Michael Breen: I think the, you know, the weakness of South Korean democracy, I think I mean, well, maybe I should emphasize the strength. First, the strength is that shown by the track record, we’ve already how many presidents we had, since Roh Tae-woo, six or seven, I think Moon is the seventh, we’ve had a change to an opposition victory twice. I think twice, yeah. Which, you know, you compare with neighboring Japan, where the ruling party, it’s a democracy, but the ruling party has been in power and the power goes between factions within the ruling party for decades, apart from once, I think. So, this is a real sort of feisty democracy, and very answerable to the people. But I think therein lies its weakness, because, you know, there’s two parts of democracy, one is the consent of the governed. In other words, the people need to feel that they’ve chosen their leaders rather than they’re living under a dictatorship being told what to do by people they don’t like. The second is the institutions of democracy, the courts, the national assembly, you know, the parliament, whatever, and everything else. And in Korea, that first part of democracy, the being answerable to the people, is given too much weight, in my opinion. You know, democracy really requires mature, trustworthy institutions to function. Even if there’s 100,000 people out in the street yelling at you, you have to do your job according to the law of the land. You can’t have your opinions swayed by every demonstration of popular feeling, obviously, you take popular feeling into account. But you as the elected leaders are not put in there to do the will of the people. You represent something you have certain ideas, and they choose you. Do you see what I mean?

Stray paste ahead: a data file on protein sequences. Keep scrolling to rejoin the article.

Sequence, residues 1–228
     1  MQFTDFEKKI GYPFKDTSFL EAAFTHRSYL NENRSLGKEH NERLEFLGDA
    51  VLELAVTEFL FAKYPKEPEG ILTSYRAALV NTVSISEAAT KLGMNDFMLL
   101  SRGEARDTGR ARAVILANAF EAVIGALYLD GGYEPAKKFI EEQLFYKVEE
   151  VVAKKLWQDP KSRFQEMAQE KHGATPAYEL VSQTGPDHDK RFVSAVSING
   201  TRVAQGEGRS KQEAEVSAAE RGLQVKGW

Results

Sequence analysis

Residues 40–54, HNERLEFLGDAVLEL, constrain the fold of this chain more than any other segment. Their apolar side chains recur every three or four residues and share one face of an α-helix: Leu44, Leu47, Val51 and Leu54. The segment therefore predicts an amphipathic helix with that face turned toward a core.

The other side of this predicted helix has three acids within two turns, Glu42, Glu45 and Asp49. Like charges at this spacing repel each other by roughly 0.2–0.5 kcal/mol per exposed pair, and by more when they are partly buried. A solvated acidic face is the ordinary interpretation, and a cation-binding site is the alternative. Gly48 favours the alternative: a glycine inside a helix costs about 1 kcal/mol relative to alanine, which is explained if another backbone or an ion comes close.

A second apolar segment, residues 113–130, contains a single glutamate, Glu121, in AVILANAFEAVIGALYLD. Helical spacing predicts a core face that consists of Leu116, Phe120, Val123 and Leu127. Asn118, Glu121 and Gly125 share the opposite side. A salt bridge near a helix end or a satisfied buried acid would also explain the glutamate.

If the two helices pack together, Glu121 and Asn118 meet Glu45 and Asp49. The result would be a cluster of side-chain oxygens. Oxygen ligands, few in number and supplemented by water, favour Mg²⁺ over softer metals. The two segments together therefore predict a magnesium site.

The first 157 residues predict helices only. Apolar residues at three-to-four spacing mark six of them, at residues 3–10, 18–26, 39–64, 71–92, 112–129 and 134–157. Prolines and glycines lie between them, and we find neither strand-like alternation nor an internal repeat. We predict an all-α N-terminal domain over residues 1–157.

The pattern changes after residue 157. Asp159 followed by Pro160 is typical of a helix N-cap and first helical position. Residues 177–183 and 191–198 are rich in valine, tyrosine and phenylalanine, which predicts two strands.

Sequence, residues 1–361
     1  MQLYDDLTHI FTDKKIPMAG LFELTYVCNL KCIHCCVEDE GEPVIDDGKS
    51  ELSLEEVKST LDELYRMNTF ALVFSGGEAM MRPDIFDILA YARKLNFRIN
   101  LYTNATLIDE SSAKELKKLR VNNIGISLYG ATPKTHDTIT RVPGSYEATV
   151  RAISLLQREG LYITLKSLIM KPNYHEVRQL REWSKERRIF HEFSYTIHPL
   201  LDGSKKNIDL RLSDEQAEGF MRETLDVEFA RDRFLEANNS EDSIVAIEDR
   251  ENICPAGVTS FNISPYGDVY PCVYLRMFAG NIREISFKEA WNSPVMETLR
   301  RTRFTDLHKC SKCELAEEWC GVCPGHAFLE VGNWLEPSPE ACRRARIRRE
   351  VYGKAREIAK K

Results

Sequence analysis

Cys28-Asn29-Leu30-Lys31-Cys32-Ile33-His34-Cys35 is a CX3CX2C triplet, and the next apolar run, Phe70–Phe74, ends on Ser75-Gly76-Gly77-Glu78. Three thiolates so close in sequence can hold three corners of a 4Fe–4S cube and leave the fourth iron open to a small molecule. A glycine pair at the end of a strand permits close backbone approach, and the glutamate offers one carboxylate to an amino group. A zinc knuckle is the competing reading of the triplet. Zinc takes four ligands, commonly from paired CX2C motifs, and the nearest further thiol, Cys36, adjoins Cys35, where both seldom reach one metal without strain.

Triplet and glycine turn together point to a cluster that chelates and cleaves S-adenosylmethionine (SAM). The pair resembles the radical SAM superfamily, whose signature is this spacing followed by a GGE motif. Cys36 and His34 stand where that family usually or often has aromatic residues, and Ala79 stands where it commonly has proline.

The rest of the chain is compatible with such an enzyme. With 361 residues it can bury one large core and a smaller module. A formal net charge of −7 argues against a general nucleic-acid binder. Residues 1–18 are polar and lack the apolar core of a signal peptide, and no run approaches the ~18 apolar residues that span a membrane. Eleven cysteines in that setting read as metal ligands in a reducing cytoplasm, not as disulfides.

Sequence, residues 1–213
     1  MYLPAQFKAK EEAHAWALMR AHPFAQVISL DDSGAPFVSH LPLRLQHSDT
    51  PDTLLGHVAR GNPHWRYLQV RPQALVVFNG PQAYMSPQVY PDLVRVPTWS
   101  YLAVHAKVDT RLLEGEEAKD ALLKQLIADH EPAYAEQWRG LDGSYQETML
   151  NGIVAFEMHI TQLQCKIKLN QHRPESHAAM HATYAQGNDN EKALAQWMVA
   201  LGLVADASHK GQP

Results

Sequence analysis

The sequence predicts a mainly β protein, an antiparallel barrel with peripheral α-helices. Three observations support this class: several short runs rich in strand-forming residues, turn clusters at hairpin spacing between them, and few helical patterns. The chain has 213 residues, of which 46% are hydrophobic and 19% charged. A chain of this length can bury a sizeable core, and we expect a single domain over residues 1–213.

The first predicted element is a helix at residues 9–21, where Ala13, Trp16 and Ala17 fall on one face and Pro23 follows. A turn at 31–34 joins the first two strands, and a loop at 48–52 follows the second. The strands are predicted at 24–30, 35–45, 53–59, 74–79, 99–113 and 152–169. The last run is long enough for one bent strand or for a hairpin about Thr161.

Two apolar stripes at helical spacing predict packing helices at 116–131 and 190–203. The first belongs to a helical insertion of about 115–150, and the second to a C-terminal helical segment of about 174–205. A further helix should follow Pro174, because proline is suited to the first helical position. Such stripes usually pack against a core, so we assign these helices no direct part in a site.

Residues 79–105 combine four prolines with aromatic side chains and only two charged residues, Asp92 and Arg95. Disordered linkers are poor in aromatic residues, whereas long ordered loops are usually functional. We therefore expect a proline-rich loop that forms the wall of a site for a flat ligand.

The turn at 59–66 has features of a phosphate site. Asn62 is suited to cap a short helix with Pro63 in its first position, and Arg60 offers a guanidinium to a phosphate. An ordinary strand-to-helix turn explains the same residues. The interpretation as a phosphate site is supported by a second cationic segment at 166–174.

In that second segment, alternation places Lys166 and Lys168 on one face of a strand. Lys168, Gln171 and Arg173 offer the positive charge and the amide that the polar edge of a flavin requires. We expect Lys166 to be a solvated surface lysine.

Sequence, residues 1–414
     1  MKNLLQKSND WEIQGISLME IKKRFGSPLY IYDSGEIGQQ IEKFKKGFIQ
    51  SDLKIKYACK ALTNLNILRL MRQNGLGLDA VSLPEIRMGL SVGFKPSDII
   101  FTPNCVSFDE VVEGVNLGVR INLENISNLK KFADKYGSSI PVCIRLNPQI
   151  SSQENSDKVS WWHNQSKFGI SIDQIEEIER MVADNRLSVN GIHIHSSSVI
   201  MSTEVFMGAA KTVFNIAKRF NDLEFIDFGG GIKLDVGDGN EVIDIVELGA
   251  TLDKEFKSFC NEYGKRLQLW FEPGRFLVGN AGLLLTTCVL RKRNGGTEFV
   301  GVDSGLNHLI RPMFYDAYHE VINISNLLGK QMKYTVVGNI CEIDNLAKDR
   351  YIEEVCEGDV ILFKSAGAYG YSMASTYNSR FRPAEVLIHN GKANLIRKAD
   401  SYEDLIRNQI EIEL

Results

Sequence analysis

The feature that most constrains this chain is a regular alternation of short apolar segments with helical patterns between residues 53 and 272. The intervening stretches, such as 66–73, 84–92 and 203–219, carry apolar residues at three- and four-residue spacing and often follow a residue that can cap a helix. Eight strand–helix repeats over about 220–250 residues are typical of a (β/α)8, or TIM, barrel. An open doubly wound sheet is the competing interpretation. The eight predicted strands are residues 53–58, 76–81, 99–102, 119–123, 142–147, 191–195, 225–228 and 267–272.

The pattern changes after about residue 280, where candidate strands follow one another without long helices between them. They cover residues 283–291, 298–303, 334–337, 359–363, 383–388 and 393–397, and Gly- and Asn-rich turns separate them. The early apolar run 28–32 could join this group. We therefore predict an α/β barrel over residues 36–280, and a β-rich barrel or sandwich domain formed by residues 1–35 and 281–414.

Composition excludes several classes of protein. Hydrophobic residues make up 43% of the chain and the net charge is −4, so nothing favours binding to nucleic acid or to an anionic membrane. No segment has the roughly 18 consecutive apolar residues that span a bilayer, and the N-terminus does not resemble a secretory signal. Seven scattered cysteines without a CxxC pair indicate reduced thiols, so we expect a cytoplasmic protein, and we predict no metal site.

Alex Jensen: I do, I do see what you mean. But yet, there’s still this element of shutting down certain types of opposition. And where this may be relevant to businesspeople, for example, trying to get ahead in Korea, they’ve got to be aware of changing regulations and the way that decisions are made and the way that politics is done and for example, under one administration, you could have an atmosphere of being very favorable to the outside world, and then suddenly it swings. Now, Korea’s not alone in that just asked the US in recent years, but what do you think we need to know going into this next election about the way things might change depending on who is in charge during that single five-year term?